Pluto has a heart-shaped patch of frozen nitrogen, responsible for gusty winds that push in the opposite direction to the dwarf planet’s rotation, say NASA scientists.
As nitrogen within the heart-shaped ice region, called Tombaugh Regio, vaporises in the north and becomes ice in the south, its movement triggers western winds.
Pluto’s winds above 2.5 miles blow to the west – opposite to the dwarf planet’s spin – in a ‘retro-rotation’ during most of its year, which lasts a hefty 248 Earth years.
The team used data from NASA’s New Horizons spacecraft, which captured observations of Pluto back in 2015, including Tombaugh Regio, which lies just north of the equator.
Pluto’s heart (outlined in red) may have once tipped the whole world over. And today, the enormous impact basin may still be slowly shifting Pluto’s position
No planet in our Solar System has this unusual retro-rotation, and if winds on Pluto pulled in a different direction, its dramatic landscape of icy valleys and mountains would look very different.
‘This highlights the fact that Pluto’s atmosphere and winds – even if the density of the atmosphere is very low –can impact the surface,’ said Tanguy Bertrand, an astrophysicist and planetary scientist at NASA’s Ames Research Center in California and the study’s lead author.
The findings pinpoint distinctions between Earth and this dwarf planet 3.7 billion miles away from the sun, whose status as a planet was downgraded in 2006.
Nitrogen gas comprises most of Pluto’s thin atmosphere, along with small amounts of carbon dioxide and methane.
During the plutonian day – which lasts six days, nine hours and 36 minutes in Earth time – a thin layer of this nitrogen warms and turns into vapour, and at night, the vapour condenses and once again forms ice.
Each sequence is like a ‘heartbeat’, pumping nitrogen winds around the planet.
As air whips close to the surface, it transports heat, ice grains and haze particles to create dark wind streaks and plains across the north and north-western regions.
Tombaugh Regio’s eastern ‘lobe’ is comprised of highlands and nitrogen-rich glaciers, while its western side is a 620-mile ice sheet located in a 1.9-mile-deep basin called Sputnik Planitia – which is key to this unusual retro-rotation.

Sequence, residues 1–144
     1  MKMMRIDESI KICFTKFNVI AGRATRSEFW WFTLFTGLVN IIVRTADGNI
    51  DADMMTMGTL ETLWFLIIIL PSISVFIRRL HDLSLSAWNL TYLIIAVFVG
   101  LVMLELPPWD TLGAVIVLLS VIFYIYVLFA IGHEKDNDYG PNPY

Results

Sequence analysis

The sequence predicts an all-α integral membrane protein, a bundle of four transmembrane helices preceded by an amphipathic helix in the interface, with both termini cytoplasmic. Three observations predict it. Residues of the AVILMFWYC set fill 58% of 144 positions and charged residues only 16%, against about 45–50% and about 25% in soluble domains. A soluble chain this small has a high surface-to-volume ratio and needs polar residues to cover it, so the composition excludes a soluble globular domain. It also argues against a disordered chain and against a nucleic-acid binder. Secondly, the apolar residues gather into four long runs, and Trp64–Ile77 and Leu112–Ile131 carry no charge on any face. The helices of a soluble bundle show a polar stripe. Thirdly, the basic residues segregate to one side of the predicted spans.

‘Sputnik Planitia may be as important for Pluto’s climate as the ocean is for Earth’s climate,’ Bertrand said.
‘If you remove Sputnik Planitia – if you remove the heart of Pluto – you won’t have the same circulation.’
The researchers found a strong current of fast-moving near-surface air along the western boundary of the Sputnik Planta basin was driven by atmospheric nitrogen condensing into ice.
Pluto’s atmosphere is made primarily of nitrogen, with traces of methane and carbon monoxide, and temperatures can drop to as low as -238 degrees Celsius. By 2030, scientists estimate its atmosphere will freeze over and condense
Sputnik Plantitia’s high cliffs trap the cold air inside the basin, where it circulates and becomes stronger as it passes through the western region.
Wind patterns that come from Tombaugh Regio may explain why it hosts dark plains and wind streaks to the west of Sputnik Plantitia.
Winds could transport heat or could erode and darken the ice by transporting and depositing haze particles.
The team pulled data from New Horizons’ 2015 flyby to depict Pluto’s topography and its blankets of nitrogen ice.
They then simulated the nitrogen cycle with a weather forecast model to assess how winds blew across the surface.
‘Before New Horizons, everyone thought Pluto was going to be a netball – completely flat, almost no diversity,’ Bertrand said.
‘But it’s completely different. It has a lot of different landscapes and we are trying to understand what’s going on there.’
The legendary New Horizons interplanetary space probe was launched in 2006 and flew 7,800 miles above the surface of Pluto, capturing detailed images of its surface.
The study has been published in Journal of Geophysical Research: Planets.